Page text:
... bed studied the man who stood at its foot. The two regarded each other as under peculiar circumstances men do who have a strong bond of affection and confidence ...
— Red Pepper's Patients - With an Account of Anne Linton's Case in Particular • Grace S. Richmond

... Southwestern Virginia, and obtained other judgments for some four or five million dollars against the County and various citizens, which were obtained by perjury and forgery. They were eventually set aside. His brother died in 1907, and I became one of the sureties on the executor's bond; last year a judgment turned up here against the executor and his sureties for $17,000, which purported to have been given by the Circuit Court for said D—— County. It was a forgery all the way through; even the Seal of the Court to the certificate was a forgery. I wrote the Judge of the ...
— Studies in Forensic Psychiatry • Bernard Glueck

... scorching flame, Burns for my money in my name; What from th' unnatural desire To beasts and cattle takes its fire; What tender sigh, and trickling tear, 85 Longs for a thousand pounds a year; And languishing transports are fond Of statute, mortgage, bill, and bond. ...
— Hudibras • Samuel Butler

... they are easily controlled and corrected. If the young do not make themselves the masters of their passions, appetites, and habits, these will soon become their masters, and make them their tool and bond-men through ...
— Golden Steps to Respectability, Usefulness and Happiness • John Mather Austin

... sociable. They had been sea-faring men, and this, of course, was a bond between us. To strengthen it, a flask of wine was produced, one of several which had been procured in person from the French admiral's steward; for whom the planters, when on a former visit to Papeetee, had done ...
— Omoo: Adventures in the South Seas • Herman Melville

... after dinner, there is one little secret admission that one must make after seeing it. Let an Englishman go and see that field, and he NEVER FORGETS IT. The sight is an event in his life; and, though it has been seen by millions of peaceable GENTS—grocers from Bond Street, meek attorneys from Chancery Lane, and timid tailors from Piccadilly—I will wager that there is not one of them but feels a glow as he looks at the place, and remembers that he, too, is ...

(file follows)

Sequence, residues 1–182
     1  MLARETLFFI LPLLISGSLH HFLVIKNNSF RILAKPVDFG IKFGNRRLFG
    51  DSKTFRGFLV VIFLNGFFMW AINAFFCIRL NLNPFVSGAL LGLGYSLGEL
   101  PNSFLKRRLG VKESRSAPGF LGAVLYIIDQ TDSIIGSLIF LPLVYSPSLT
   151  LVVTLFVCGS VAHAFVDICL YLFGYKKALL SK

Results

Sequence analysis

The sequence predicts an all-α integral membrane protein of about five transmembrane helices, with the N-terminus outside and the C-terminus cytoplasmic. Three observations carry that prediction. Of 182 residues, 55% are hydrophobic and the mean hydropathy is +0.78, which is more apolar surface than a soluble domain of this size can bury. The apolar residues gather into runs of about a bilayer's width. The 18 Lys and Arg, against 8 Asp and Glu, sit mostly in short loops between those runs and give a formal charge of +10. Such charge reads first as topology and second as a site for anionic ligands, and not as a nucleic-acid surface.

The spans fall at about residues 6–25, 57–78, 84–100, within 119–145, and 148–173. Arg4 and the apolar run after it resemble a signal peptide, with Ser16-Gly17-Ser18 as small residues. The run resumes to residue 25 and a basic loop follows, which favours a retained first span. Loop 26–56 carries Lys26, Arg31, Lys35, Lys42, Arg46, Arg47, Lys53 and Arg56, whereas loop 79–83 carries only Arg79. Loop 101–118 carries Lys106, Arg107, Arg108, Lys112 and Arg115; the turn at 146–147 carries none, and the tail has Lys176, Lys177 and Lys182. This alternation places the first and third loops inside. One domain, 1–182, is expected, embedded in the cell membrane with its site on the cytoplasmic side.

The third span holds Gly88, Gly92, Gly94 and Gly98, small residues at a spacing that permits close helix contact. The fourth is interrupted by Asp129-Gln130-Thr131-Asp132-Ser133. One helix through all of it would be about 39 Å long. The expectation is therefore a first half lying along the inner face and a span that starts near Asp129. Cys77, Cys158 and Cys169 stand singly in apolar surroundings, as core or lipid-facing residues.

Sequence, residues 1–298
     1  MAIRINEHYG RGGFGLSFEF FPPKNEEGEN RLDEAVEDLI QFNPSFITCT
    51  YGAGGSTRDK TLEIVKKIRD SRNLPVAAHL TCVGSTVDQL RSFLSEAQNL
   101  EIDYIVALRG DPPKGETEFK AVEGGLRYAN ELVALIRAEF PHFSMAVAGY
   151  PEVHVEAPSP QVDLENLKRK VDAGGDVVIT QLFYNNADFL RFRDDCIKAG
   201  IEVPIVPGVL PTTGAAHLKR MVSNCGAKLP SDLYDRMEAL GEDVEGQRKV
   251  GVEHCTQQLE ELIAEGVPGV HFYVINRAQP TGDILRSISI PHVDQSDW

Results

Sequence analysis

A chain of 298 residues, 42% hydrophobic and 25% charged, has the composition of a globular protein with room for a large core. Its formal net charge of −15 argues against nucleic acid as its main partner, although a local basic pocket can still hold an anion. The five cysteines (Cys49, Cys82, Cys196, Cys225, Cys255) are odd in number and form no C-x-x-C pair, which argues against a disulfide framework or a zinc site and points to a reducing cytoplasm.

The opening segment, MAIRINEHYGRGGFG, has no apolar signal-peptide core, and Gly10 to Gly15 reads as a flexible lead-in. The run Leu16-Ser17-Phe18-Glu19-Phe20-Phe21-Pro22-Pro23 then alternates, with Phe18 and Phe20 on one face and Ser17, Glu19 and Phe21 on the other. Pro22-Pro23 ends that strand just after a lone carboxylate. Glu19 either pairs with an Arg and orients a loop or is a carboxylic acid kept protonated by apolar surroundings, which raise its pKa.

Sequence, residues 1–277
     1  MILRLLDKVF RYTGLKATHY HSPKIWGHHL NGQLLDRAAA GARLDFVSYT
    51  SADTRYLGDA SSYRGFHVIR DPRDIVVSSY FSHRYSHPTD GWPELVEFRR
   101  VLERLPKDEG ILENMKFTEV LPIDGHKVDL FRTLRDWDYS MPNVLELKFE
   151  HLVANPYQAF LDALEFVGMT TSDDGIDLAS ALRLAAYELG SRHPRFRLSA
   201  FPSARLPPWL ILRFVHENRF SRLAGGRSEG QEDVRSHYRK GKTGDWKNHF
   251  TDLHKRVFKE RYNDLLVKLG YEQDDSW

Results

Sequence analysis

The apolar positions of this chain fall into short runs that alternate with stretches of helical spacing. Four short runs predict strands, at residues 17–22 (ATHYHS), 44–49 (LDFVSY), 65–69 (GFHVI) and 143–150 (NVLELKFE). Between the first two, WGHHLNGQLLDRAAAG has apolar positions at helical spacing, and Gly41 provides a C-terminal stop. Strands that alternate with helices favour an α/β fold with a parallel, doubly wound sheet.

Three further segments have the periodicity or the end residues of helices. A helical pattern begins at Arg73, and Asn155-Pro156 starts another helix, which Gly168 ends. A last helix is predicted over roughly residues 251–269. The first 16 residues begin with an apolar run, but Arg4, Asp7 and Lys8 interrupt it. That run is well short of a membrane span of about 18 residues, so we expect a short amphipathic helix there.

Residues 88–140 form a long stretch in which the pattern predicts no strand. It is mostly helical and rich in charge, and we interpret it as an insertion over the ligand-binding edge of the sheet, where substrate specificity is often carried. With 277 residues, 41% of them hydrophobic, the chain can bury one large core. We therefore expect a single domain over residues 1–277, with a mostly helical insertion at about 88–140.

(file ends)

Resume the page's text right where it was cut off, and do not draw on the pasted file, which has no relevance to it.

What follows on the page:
— Little Travels and Roadside Sketches • William Makepeace Thackeray

... surprised to hear how often I watched you, how often I was on the point of falling in with you. I have entered many a shop to avoid your sight, as the carriage drove by. Lodging as I did in Bond Street, there was hardly a day in which I did not catch a glimpse of one or other of you; and nothing but the most constant watchfulness on my side, a most invariably prevailing desire to keep out of your sight, could have separated ...
— Persuasion • Jane Austen

... you wish to know about that, may also be easily described: her duty is to order her house, and keep what is indoors, and obey her husband. Every age, every condition of life, young or old, male or female, bond or free, has a different virtue: there are virtues numberless, and no lack of definitions of them; for virtue is relative to the actions and ages of each of us in all that we do. And the same may be said of vice, Socrates (Compare ...
— Meno • Plato

... language was not the language of China. His clothes were of an alien cut. He did not utter the maxims of our ancient rulers nor conform to the customs which they have handed down. He did not appreciate the bond between prince and minister, the tie between father and son. Had this Buddha come to our capital in the flesh, your Majesty might have received him with a few words of admonition, giving him a banquet and a suit of clothes, before ...
— Hinduism and Buddhism, An Historical Sketch, Vol. 3 (of 3) • Charles Eliot